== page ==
In November 2019, Maple Leaf foods announced that it was the first major food company in the world to become carbon neutral. Maple Leaf foods primarily produces and distributes meat products. It is one of the three main animal protein companies and a Canadian brand to set Science based Targets to align to Paris goals for GHG emissions reduction. Maple Leaf aggressively reduced GHG emissions and invested in high impact environmental projects to offset the remaining emissions. With meat products being high emitters of GHGs, Maple Leaf invested in North American projects to offset its carbon footprint.
Yorkshire tea became carbon neutral after 5 years of supply chain projects. The volume of carbon emitted at each stage of the supply chain from tea bush to wholesale was measured and tea farmers were encouraged to grow fruit and nut trees to soak up carbon and provide shade for wildlife. The company faced many challenges to offset carbon emissions which are generated to the tune of 50,000 tonnes every year.
. Action on climate is no longer nice to have and Carbon Neutrality prepares organizations for a low carbon transformation
Carbon Neutral and Net zero refer to different actions that are necessary to combat climate change.
In a carbon neutral organization, there is a commitment to evaluate the CO2 emissions produced and accordingly find ways to reduce these emissions or compensate by removing them elsewhere. In other words this offsetting could involve planting trees, investing in renewable energy and carbon capture. Carbon neutral accounts only for CO2 emissions and not other GHGs.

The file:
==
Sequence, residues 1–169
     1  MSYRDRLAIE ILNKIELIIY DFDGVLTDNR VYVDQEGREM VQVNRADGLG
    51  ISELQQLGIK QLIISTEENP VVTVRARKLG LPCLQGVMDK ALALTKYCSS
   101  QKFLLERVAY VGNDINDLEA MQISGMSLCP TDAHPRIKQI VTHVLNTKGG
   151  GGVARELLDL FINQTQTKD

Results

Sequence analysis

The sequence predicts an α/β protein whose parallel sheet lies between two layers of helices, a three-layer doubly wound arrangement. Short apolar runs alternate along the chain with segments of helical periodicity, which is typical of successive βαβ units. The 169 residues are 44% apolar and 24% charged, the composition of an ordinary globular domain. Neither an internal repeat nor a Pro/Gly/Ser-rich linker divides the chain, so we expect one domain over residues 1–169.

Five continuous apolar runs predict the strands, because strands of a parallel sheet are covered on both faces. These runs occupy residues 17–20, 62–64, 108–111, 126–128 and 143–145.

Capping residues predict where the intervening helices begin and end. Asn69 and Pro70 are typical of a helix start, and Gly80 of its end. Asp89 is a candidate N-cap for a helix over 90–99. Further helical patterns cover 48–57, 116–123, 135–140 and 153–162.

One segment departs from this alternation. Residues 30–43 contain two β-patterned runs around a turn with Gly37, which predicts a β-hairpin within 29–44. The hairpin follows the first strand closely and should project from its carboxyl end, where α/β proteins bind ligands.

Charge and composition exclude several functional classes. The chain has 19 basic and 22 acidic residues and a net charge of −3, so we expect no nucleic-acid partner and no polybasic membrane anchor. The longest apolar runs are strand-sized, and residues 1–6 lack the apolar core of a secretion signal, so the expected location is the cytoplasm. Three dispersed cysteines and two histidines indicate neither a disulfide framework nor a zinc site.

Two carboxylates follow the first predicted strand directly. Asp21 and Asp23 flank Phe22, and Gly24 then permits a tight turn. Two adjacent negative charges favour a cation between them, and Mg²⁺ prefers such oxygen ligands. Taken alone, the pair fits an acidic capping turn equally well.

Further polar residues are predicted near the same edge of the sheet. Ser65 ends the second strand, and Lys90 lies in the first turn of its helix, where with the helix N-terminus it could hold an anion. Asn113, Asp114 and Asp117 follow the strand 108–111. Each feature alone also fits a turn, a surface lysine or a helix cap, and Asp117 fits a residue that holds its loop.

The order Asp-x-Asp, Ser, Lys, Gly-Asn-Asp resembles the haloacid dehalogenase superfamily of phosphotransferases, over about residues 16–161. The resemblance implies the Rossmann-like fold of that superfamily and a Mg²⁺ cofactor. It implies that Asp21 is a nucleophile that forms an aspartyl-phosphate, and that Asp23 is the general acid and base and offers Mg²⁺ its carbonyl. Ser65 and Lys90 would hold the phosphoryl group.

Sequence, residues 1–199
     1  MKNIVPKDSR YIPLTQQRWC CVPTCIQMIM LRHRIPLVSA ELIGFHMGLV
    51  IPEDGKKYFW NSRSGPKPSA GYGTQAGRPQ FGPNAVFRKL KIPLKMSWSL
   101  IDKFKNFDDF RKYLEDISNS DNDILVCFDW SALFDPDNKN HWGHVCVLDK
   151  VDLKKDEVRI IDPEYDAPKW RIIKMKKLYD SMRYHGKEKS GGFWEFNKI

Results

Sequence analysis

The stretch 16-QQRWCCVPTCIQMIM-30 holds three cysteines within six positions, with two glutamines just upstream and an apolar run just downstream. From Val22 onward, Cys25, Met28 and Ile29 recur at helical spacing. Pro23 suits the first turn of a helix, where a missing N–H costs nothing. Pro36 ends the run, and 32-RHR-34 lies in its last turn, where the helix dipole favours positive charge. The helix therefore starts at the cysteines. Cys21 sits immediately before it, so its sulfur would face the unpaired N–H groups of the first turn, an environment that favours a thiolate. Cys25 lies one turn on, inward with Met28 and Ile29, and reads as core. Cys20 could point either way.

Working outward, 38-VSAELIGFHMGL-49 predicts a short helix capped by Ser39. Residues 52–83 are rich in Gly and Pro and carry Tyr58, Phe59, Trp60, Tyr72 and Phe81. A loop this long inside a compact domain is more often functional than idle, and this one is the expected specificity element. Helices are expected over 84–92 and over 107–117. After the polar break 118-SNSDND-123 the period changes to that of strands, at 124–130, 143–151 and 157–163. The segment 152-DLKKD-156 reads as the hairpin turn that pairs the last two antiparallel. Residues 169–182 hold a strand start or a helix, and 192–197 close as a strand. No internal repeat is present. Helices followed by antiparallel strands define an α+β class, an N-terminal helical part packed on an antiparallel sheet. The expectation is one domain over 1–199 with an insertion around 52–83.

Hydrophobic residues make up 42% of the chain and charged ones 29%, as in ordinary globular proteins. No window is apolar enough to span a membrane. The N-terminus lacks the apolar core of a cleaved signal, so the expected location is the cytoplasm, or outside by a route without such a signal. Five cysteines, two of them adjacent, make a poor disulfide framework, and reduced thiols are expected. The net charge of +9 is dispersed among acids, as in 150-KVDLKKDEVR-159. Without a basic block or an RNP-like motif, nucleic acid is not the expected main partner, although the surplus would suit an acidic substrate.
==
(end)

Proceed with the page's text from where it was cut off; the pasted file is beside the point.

Net Zero means that a company reduces its absolute emissions across the supply chain in order to support the target to limit global temperature increase to 1.5˚C as agreed in the Paris agreement.
Net zero is similar to carbon neutrality but is expanded to cover GHGs beyond carbon dioxide. Net zero refers to all GHGs inclusive of methane, nitrous oxide and other hydrofluorocarbons. As with carbon neutrality, to reach net zero, the greenhouse gas emissions emitted into the atmosphere must be equivalent to GHG being removed from atmosphere. Net zero is happening on a global scale which requires collaborative efforts from all sectors. Carbon neutrality is good for businesses to save costs and protect the natural environment.
Boundary - Carbon neutrality has a minimum requirement of covering Scope 1 & 2 emissions with Scope 3 encouraged. Net Zero must cover Scope 1, 2 & 3 emissions.
Level of ambition - there is no requirement for a company to reduce its emissions on a certain trajectory in order to be carbon neutral. To be Net Zero, an organisation must be reducing its emissions along a 1.5ᵒC trajectory across Scopes 1, 2 & 3.
Approach to residual emissions - to achieve carbon neutrality, an organisation must purchase carbon offsets that either result in carbon reductions, efficiencies or sinks. For Net Zero, an organisation must purchase greenhouse gas removals that result in carbon sequestration from the atmosphere.
Though net zero targets represent an opportunity to drive corporate climate action, there is a need to understand the net zero targets. A science-based framework for setting net zero targets is required so that organizations invest in business models that are consistent with goals of the Paris agreement. Through a transparent multi stakeholder process, the Science based targets Initiative (SBTi) developed the first global science-based standard for companies to set net zero targets.
The SBTi’s Net zero standard is the world’s first framework for corporate net-zero target setting in alignment with the climate goals. It includes the guidance and recommendations companies need to set to align their net zero targets with the limiting global temperature rise to 1.5˚C. This standard provides a common robust science-based understanding of net zero and gives organizations a better clarity on their near term and long-term targets that can be aligned to ensure a habitable planet. This standard was developed with expertise from a group of stakeholders and an Advisory group from academia, science and business. It is focussed on accelerating organizations across the world to halve their emissions by 2030 and achieve net zero emissions by 2050.